Meyer Kainer

Marcin Maciejowski

06 Jun - 27 Jul 2013

© Marcin Maciejowski
November Night (29 XI 1830), 2013
Öl auf Leinwand
100x150 cm
June 6 – July 27, 2013

"An artist doesn’t care about politics and social conflicts" is written on a painting of the Polish painter Marcin Maciejowski. However, if one takes a closer look on his subjects, one cannot be so sure anymore how serious he is about that (apart from the fact that the sentence is not his but taken from a text on Picasso). Maybe he is just avoiding a perspective on the role of the artist that is too constricted. The subjects of his paintings are taken directly from life: parties, gallery openings, exhibitions, night life, but also historical situations and public figures, such as the November Uprising of 1830 in the Polish-Russian war as well as the young actress Romy Schneider in a Florentine café. A small painting shows Elly Jones with her daughter Elie, which resulted from a brief relationship with the poet Vladimir Mayakovsky, another a performance by the artist Wlodzimierz Pawlak. "1986 - 1974 = 12" is written on the painting and this is also the title, which conjuncts Maciejowski’s year of birth with the year of the performance.

He treats his figures with a striking equality. The famous actress in Chanel obtains no more attention than a young student at a bar or the girlfriend of the artist, who looks at the beholder with a thoughtful gaze. For Maciejowski it makes no difference either, whether the short plot takes place in a small or large format. The sources for his paintings come out of his extensive archive that comprises film stills, photos taken by himself or by friends as well as pictures from magazines, history books and from the internet.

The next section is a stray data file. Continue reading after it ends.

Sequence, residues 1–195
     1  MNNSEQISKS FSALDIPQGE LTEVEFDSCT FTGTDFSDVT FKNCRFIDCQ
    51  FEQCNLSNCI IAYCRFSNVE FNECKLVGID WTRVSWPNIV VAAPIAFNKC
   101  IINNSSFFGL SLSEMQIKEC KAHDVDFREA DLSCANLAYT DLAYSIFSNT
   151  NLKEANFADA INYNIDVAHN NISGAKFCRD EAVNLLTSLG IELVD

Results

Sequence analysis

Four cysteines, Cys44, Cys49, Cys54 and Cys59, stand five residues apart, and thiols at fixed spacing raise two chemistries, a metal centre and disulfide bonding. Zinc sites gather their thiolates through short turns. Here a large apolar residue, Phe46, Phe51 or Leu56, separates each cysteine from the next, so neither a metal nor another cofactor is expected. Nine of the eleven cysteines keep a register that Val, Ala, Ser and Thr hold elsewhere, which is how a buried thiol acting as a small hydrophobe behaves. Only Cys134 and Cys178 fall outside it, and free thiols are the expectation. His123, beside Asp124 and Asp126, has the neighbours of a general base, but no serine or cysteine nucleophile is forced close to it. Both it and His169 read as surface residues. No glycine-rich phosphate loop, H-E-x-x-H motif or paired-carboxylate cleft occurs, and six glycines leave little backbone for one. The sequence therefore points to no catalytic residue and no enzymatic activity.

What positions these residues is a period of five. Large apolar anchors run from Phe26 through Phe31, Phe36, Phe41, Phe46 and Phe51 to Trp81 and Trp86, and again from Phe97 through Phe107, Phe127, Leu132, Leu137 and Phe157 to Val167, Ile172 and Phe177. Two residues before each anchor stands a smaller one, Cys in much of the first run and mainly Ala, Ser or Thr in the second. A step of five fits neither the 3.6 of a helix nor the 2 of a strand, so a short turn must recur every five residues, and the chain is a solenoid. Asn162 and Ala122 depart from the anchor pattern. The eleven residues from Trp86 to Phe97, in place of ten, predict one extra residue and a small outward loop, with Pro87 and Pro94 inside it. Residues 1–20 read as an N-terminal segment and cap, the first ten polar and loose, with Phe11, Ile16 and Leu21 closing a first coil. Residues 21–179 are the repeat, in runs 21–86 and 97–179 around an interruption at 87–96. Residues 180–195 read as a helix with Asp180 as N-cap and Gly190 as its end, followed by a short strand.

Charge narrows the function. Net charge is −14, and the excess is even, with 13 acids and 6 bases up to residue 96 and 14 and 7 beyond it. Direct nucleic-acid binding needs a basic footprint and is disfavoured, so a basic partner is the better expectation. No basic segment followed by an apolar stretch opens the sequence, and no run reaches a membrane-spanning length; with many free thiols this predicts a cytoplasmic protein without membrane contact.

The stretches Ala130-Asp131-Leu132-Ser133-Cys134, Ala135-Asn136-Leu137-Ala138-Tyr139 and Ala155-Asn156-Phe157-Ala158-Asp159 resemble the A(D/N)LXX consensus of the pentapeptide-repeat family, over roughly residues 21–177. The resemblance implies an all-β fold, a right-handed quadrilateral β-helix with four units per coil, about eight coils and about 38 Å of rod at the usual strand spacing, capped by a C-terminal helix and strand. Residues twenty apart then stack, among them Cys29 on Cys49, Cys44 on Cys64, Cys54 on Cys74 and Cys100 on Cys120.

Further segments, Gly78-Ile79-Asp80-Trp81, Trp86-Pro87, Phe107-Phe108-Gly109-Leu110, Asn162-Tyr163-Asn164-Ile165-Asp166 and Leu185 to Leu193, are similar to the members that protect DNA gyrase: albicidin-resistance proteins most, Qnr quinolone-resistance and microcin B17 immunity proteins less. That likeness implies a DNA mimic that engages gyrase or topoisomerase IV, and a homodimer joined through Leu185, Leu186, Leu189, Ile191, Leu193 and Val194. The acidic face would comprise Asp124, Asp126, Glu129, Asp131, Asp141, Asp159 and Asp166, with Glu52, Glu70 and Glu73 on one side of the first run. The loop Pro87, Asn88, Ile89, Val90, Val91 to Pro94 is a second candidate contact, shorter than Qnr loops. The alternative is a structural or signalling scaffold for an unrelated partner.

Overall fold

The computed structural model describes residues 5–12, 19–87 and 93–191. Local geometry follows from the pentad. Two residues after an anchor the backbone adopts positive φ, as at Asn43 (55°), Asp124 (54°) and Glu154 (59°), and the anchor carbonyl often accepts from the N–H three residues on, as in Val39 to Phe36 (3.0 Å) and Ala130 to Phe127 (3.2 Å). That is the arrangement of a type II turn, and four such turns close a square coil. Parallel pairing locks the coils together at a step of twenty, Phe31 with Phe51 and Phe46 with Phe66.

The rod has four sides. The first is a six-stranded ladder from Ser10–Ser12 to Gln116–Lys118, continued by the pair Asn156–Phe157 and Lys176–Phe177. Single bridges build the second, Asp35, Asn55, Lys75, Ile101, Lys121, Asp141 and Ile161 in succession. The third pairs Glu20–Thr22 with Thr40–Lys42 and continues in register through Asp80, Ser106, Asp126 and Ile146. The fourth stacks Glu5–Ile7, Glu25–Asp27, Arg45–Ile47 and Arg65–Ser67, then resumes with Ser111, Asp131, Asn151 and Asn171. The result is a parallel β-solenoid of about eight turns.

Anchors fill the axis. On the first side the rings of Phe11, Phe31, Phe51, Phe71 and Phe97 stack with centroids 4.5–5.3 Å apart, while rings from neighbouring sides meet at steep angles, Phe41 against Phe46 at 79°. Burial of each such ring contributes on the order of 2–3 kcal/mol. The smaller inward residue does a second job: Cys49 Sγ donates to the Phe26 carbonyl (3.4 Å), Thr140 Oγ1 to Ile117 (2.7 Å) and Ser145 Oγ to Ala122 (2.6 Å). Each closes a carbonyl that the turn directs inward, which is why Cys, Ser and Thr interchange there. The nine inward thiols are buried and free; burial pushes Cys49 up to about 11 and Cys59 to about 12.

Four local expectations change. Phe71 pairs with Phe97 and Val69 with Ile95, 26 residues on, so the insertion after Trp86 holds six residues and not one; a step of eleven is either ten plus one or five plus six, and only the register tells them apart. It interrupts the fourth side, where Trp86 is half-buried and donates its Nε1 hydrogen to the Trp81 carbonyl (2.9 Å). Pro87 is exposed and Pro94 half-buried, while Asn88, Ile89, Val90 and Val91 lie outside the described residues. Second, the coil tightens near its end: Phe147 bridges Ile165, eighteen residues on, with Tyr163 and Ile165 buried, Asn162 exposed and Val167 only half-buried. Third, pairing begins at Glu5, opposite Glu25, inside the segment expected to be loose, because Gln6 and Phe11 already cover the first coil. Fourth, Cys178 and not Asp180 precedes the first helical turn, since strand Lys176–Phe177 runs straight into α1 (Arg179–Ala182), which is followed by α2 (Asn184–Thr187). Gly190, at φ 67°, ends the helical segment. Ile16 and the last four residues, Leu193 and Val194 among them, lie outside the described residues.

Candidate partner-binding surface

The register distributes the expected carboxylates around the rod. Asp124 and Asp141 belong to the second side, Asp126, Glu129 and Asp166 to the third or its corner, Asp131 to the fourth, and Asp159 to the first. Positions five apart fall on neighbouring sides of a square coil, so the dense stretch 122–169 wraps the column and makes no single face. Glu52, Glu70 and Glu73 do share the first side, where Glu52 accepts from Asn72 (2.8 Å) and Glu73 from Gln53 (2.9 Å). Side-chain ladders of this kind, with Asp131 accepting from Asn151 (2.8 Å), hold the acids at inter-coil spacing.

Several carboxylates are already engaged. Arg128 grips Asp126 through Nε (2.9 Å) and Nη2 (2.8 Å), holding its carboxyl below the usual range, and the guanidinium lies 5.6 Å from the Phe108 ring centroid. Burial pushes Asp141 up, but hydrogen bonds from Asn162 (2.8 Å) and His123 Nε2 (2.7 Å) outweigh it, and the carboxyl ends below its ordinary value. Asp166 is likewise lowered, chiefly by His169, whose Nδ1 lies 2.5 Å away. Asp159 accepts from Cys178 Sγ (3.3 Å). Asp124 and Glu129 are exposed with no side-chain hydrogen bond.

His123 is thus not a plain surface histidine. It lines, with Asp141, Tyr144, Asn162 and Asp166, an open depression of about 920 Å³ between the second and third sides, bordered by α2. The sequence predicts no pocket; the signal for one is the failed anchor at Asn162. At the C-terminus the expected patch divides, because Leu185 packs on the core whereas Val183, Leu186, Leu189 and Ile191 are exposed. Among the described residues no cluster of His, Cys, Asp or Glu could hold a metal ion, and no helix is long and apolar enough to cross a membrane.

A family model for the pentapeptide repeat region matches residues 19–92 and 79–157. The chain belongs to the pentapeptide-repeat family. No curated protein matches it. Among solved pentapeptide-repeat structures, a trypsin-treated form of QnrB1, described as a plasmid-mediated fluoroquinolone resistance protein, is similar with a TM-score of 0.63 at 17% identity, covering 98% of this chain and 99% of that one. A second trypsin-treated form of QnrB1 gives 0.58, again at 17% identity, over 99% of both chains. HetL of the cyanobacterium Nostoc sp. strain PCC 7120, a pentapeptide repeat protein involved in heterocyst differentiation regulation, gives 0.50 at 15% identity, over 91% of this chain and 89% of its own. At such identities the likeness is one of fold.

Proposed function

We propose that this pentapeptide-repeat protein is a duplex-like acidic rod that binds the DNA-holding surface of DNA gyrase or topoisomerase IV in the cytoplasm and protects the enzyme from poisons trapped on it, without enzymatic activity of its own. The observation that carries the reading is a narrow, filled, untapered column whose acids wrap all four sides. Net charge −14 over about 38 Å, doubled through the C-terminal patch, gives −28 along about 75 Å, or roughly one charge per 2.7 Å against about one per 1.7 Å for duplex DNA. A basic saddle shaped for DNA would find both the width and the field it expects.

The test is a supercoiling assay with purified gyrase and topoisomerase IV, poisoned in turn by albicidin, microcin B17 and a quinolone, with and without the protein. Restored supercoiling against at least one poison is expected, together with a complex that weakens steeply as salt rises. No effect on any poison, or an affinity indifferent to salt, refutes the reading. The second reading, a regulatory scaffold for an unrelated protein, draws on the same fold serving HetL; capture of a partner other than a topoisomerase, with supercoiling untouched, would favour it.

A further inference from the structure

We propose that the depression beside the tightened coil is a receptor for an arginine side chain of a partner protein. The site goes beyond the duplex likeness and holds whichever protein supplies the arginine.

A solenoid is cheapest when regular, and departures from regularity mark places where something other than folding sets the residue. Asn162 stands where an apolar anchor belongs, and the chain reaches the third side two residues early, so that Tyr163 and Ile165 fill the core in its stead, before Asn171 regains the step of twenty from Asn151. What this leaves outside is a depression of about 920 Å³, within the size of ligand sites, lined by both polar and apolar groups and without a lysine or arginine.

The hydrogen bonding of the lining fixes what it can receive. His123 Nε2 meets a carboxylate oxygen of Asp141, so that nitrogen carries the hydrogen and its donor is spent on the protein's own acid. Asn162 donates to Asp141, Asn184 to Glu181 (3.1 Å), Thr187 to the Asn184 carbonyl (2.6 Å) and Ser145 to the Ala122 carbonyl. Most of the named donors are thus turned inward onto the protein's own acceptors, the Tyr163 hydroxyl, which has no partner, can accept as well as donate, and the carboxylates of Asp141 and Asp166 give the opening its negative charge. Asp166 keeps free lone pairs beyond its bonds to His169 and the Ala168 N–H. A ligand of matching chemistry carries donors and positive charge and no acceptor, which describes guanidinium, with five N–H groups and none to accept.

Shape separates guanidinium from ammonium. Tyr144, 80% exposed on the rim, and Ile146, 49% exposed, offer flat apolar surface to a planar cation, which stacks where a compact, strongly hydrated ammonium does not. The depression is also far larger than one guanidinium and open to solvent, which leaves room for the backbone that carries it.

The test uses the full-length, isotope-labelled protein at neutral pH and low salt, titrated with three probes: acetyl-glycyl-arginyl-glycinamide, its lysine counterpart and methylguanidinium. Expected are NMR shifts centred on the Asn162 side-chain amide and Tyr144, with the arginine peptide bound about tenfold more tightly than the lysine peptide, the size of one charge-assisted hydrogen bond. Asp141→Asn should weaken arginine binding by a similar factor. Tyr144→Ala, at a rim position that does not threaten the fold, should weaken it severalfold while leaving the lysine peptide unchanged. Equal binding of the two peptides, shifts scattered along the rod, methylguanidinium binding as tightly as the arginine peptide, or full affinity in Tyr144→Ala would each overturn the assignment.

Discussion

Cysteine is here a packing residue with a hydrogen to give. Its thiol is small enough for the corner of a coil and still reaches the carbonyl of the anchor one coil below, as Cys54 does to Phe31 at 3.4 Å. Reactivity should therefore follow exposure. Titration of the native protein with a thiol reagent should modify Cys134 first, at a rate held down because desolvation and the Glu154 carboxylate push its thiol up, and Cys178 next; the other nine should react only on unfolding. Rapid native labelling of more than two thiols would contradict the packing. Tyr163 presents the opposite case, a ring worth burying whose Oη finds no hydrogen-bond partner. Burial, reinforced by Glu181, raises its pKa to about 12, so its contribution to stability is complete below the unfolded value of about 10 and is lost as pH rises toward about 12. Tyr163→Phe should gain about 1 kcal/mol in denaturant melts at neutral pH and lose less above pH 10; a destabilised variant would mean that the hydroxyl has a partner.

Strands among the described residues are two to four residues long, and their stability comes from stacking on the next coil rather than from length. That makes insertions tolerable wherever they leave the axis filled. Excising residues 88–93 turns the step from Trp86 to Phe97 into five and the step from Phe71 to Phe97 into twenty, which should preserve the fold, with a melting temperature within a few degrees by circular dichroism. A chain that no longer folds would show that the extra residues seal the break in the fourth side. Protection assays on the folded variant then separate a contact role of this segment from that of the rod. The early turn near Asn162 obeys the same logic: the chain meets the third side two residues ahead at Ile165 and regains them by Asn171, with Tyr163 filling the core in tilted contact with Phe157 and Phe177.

Were it not for a few details, such as cell phones, sneakers or cars, you could hardly locate the paintings in a certain time. Also, the color palette is no evidence in this regard, as black and white and an at times melancholic tonality, is not automatically assigned to the past. Marcin Maciejowski decides according to the source image. "Wanda Ryszkowska (Warsaw 1945)," is based on a more recent Polish television series about the Polish resistance, which was shot in color. The paintings indicate a current perspective of Marcin Maciejowski and how he presently considers things that surround and occupy him, as the simultaneity of motives and themes displayed reveal an immediate contemporaneity.

Marcin Maciejowski paints from photos or film stills, which is particularly evident in the image frame and spatial composition. The motifs are selected with a keen sense for the right moment, a moment, which does not correspond to the camera's shutter. Herein lies a significant difference to a documentary photo, which marks the distinction between a view through the lens and a way of seeing, that painting points out. Maciejowski shows, what he wants to see, he captures a moment that is good for a painting. Good in the sense, that a subject is particularly attractive, because it reflects the desire to approach a thing, a person, a feeling by painting, and because it is able to present a particular topic and relates the paintings in the exhibition to each other or to historical paintings.

Thus the girl, who is selling drinks at an opening, slightly brings back to ones mind Manet’s Suzon at the Folies-Bergère, except that the crowd in the Parisian bar have long migrated to other canvases in Maciejewki’s work. There you'll see him with a girl on his lap. "The artist indicates a crucial problem", he adds. Yes, desire is a crucial problem, both in art—Maciejowski free-associates this painting to Rubens "Satyr and Bacchante"—as in life. Therefore it is not only the short sentences that appear in his paintings, but also his way to see and to paint, that comments on the world and the social contexts the artist lives in.

(Text: Anette Freudenberger)

Tags: Marcin Maciejowski, Pablo Picasso